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Influenza vaccination is recommended for everyone 6 months of age and older.
Influenza Vaccination and Vaccine Safety (CDC web site)
Find a Flu Shot (American Lung Association Web Site)
For Parents, Families, and Individuals
What is influenza?
Protect Yourself and Your Children From The Flu: The Flu: A Guide for Parents (251k.pdf)
Is It a Cold or the Flu English (National Institutes of Health Web site)
¿Será un resfrio o será la gripe? Spanish (National Institutes of Health Web site)
More Information on the Flu (Flu.gov web site)
For Health Professionals
Febrile seizures associated with TIV and PCV13 (CDC web site)
The Evolution, and Revolution, of Influenza Vaccines (U.S. Food and Drug Administration Web Site Consumer Health Information)
Seasonal Influenza Toolkit for Nurses (ANA Web Site) from the American Nurse Association (ANA)
2014-15 Vaccine Information Statements (VIS) for:
Live Intranasal Influenza Vaccine (LAIV)
Inactivated Influenza Vaccine (TIV)
Screening Questionnaire for Inactivated Injectable Influenza Vaccination (Immunization Action Coalition Web Site)
Composition of the 2014-15 Influenza Vaccine
The Frequently Asked Questions were acquired from the Immunization Action Coalition web site "Ask the Experts" section on August 9, 2012. We thank the Immunization Action Coalition.
Q: When should influenza vaccine be given?
A: You can begin offering vaccine as soon as vaccine becomes available. Early vaccination of children younger than age 9 years who are first time vaccinees can be helpful in assuring routine second doses before the influenza season begins. Q: How long does immunity from influenza vaccine last?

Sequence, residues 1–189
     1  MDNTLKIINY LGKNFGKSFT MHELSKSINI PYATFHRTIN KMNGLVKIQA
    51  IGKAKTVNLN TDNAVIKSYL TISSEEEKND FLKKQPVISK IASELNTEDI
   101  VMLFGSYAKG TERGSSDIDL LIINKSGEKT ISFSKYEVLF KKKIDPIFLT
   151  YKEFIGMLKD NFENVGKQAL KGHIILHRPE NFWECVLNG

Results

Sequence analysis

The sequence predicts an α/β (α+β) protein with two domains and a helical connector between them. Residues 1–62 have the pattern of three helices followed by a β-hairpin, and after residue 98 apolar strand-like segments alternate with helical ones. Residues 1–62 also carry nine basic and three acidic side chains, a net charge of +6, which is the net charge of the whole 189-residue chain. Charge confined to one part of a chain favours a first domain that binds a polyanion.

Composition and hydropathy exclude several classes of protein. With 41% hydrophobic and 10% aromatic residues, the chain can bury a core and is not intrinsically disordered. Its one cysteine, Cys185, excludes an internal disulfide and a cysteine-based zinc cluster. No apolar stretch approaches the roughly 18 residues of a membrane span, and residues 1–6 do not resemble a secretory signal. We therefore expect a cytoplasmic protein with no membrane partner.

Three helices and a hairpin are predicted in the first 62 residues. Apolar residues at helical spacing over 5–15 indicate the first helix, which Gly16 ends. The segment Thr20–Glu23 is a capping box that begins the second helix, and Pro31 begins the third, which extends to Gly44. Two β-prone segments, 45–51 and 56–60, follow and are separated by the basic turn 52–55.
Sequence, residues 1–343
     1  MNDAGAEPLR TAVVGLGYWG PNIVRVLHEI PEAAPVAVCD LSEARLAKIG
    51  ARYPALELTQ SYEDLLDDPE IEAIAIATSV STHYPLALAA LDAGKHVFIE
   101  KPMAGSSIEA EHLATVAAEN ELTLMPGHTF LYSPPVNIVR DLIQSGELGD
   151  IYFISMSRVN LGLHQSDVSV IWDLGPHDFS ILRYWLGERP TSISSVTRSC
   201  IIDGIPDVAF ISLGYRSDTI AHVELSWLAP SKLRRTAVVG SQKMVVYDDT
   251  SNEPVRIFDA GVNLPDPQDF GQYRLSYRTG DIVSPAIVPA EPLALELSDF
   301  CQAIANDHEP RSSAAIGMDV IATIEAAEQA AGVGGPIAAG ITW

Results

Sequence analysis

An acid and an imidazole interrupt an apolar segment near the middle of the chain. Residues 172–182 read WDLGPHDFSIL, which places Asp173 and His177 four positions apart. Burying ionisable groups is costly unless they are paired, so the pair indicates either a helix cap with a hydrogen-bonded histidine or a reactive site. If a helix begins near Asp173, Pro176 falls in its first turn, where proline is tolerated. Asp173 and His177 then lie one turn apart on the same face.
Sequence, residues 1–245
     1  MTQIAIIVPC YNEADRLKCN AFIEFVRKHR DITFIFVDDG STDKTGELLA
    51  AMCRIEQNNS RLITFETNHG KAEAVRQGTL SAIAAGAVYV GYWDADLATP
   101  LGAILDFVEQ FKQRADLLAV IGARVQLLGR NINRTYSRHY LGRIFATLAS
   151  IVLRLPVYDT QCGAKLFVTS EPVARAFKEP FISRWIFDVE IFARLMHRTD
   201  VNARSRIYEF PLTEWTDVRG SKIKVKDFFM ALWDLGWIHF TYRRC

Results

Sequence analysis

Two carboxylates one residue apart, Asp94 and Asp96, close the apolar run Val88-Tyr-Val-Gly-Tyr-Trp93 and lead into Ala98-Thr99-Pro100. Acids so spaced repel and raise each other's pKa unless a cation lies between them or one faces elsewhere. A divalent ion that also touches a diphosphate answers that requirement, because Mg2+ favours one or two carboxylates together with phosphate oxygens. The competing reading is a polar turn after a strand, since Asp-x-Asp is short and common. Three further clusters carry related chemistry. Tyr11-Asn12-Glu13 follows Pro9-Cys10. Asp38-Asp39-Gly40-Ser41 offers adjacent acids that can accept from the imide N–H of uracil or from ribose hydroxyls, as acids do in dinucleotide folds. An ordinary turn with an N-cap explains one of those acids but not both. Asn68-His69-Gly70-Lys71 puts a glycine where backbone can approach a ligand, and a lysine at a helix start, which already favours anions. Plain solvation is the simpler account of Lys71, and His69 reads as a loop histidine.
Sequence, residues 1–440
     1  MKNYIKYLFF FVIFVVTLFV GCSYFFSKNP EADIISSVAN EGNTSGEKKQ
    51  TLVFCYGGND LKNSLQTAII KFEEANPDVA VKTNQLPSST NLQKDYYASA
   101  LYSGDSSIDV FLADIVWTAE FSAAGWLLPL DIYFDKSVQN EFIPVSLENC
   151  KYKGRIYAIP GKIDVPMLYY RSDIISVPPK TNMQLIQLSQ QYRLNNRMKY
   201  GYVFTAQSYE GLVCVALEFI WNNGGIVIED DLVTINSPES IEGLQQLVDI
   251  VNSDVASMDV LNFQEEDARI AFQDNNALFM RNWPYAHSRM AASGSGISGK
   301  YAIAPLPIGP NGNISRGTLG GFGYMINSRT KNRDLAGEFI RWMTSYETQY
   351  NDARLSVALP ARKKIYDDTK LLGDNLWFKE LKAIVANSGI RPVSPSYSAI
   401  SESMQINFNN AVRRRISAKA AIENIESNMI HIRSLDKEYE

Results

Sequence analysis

A: Protection from influenza vaccine is thought to persist for a year or less because of waning antibody and because of changes in the circulating influenza virus from year to year. Q: If an unvaccinated patient who has just recovered from a diagnosed case of influenza comes into our clinic, should we vaccinate him?
A: Yes. Influenza vaccine commonly contains three influenza vaccine virus strains; two for A viruses and one for a B virus which are prepared based on circulating viruses from the previous influenza season. Infection from one virus type does not confer immunity to other types and it would not be unusual to have exposure to more than one type during a typical influenza season. By all means, vaccinate this person! Q: When a child needs 2 doses of influenza vaccine, can I give 1 dose of each type (injectable and nasal spray)?
A: Yes. As long as a child is eligible to receive nasal spray vaccine (i.e., is in the proper age range and health status), it is acceptable to give 1 dose of each type of influenza vaccine. The doses should be spaced at least 4 weeks apart.
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